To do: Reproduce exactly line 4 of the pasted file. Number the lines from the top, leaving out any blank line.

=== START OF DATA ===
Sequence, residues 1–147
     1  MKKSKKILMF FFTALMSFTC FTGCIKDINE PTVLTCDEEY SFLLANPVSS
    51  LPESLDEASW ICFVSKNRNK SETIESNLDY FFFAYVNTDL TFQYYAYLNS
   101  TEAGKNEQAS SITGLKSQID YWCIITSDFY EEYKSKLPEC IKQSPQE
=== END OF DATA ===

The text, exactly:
   101  TEAGKNEQAS SITGLKSQID YWCIITSDFY EEYKSKLPEC IKQSPQE